It turns out that young the man this woman is with has been working in the United States for the past five years. Both the man and the woman were born in another country, but after this man was laid off from work, the two of them were financially incapable of returning home. (Yes, I know the typical situations of undocumented immigrants in the United States are usually much more complicated than this, but bear with me.) However, ICE has received word from an anonymous tip that two undocumented immigrants are having a baby this night on American soil. So they plan a massive raid on all homes and businesses they suspect may be hiding undocumented immigrants. This couple knows they have to get out of the city before this happens. Otherwise, their child will almost certainly be taken from them, and the fact that children have died in ICE custody in recent months is now a well-documented phenomenon.
The clergy telling you this ask if there is anything more you can do to help them avoid this outcome. You've helped them this far, but you do not want to do anything against the law. If ICE comes looking for them, that's not your concern. Neither the city pound nor your house can be used as a sanctuary for this family. So in an act of desperation, this family flees to the countryside of a neighboring state. You breathe a sigh of relief. They're on their own now. You won't tell ICE where they were going, but you no longer have to risk your own neck to keep them safe in the city pound or your home.
Some folks may accuse me of callously and needlessly introducing politics into this religious discussion. But my views on immigration policy are beside the point. As soon as Jesus was born, his family had to flee Herod's armies. In effect, they had to break the law in order to survive. In their desperation, does this really make them so different from an undocumented family the government is threatening to separate from their children, especially given the mortality rate of children in ICE custody? Who was there to care for them and protect them? Not the farmer at that point, and likely none of their neighbors.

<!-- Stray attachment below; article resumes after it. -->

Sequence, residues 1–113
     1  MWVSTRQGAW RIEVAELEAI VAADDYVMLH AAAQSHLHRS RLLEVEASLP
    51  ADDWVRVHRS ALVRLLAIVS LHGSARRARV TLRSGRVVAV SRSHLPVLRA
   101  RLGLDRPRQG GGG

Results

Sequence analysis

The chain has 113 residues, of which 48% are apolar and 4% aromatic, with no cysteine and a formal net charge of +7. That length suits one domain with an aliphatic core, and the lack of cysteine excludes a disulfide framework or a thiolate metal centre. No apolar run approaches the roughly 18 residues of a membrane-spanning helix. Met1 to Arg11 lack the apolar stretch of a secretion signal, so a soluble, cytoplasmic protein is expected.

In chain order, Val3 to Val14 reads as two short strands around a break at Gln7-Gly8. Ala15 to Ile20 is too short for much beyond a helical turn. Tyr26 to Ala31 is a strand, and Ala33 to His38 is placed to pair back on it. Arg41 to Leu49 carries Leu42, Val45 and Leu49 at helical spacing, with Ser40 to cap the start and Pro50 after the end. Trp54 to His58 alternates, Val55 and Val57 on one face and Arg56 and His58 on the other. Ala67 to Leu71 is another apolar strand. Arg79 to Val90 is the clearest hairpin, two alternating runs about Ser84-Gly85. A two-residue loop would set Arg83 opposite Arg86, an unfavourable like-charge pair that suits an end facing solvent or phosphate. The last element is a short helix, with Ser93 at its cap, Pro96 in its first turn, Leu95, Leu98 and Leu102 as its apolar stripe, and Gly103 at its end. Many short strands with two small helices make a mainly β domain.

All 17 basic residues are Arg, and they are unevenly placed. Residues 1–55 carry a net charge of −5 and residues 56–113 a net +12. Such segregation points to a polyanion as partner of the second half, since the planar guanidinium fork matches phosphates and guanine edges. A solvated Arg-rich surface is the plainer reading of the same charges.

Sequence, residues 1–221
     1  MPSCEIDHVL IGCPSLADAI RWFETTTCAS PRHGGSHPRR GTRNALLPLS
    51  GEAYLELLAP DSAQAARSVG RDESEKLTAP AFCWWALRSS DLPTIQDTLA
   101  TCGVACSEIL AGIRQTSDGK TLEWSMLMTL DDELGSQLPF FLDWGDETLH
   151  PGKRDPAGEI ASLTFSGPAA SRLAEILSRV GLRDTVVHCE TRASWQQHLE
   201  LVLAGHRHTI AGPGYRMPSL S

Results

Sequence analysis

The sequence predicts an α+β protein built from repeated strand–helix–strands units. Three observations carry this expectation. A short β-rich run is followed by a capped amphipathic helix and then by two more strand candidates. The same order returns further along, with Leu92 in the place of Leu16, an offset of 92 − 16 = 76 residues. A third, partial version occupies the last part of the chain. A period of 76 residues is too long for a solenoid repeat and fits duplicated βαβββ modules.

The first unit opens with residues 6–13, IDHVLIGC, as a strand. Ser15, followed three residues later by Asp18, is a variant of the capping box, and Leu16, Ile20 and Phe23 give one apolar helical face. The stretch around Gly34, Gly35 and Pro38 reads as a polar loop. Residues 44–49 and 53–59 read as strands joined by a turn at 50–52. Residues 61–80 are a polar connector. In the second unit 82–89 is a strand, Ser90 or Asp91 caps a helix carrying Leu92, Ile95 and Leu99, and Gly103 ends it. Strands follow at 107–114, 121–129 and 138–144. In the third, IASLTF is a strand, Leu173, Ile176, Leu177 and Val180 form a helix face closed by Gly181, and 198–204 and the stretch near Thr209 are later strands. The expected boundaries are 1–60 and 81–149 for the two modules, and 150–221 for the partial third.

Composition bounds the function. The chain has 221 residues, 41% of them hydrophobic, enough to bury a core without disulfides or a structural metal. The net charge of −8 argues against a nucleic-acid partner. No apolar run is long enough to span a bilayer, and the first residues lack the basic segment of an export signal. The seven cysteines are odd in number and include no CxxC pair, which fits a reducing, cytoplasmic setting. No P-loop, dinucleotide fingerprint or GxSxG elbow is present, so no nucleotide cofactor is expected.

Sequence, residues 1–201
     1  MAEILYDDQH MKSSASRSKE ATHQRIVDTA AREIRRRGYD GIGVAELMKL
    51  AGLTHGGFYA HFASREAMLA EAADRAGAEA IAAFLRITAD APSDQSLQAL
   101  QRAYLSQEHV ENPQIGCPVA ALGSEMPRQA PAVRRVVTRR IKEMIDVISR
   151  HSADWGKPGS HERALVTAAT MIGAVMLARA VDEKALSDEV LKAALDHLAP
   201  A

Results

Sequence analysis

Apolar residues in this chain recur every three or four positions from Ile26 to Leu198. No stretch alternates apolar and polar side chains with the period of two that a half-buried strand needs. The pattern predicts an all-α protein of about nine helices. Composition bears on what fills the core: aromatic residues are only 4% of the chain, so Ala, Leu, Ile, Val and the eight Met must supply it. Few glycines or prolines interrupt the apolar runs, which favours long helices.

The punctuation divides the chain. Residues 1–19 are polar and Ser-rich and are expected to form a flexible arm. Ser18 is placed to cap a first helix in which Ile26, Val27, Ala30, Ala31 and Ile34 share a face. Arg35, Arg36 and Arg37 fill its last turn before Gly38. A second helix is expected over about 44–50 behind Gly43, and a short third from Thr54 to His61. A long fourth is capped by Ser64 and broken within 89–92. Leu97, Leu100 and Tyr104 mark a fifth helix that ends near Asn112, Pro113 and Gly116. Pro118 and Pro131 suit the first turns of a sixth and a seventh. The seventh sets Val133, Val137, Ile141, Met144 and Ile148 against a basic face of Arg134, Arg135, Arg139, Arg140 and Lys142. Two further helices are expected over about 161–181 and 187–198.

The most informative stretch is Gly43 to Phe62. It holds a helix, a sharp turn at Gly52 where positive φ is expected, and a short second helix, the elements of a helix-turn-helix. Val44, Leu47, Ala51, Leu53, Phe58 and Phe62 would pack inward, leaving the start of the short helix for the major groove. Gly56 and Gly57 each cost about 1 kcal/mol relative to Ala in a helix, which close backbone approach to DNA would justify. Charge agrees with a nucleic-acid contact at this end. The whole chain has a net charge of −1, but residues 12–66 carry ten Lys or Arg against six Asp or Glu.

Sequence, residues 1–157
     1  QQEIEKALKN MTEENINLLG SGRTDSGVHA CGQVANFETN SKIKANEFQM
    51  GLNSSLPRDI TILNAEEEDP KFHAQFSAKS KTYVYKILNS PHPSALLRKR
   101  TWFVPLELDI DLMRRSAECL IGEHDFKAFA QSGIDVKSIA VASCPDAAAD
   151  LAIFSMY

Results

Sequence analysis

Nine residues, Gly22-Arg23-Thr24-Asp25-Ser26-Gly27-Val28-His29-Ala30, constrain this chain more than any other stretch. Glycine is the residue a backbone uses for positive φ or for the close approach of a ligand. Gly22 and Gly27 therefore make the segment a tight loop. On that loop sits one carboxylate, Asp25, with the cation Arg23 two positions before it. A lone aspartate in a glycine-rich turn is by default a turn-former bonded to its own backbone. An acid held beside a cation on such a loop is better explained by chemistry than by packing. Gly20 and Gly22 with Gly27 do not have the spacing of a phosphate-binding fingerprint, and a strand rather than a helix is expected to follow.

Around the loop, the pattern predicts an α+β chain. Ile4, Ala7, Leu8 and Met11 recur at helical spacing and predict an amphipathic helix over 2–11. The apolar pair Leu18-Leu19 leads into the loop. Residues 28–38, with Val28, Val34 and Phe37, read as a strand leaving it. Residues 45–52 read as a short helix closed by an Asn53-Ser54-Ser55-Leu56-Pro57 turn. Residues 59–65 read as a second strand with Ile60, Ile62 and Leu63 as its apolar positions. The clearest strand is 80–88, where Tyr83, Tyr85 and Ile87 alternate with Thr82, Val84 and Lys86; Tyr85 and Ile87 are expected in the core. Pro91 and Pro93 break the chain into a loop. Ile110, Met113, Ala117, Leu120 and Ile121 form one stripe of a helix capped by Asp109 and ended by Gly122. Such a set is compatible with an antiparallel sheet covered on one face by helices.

Here's the uncomfortable reality. Jesus was born a nobody. At least, a nobody as far as most of the citizens of Bethlehem were concerned. His birth probably went unnoticed by the majority of the people in the city. And yet it is precisely because Jesus was born a nobody that makes him so wonderful. Throughout Jesus's life, he was always among the smallest of us. Surely, if Jesus wanted to be a great king and live luxuriously (in fact he had the opportunity at least three times), he could have if he truly were the Son of God. But he stayed small at every turn. And in staying small, Jesus revealed how great God's love truly is. This is what I find most amazing about this season of Advent. We are celebrating more than the simple fact that Jesus was born. We are celebrating the entirety of his birth, including the ugly and uncomfortable parts of it. Part of what makes Christ's poverty ugly and uncomfortable is it forces us to confront our own shortcomings, especially in how we deal with the smallest people in our society. It really brings new meaning to Matthew 25:40-45. But it doesn't have to be uncomfortable. Our King is a small king. Our Savior is one who engages with us, and knows the depths of our suffering. The radicalness of this theology in the first century CE cannot be overstated. In my view, there can be little better evidence of the hugeness of God's love than the smallness of God's son.
So this year, if you walk past a Nativity scene, take a moment to remind yourself how small that scene probably was. Celebrate that smallness. And ask yourself, in what small places could God be living today? And how surprised would I be to find them?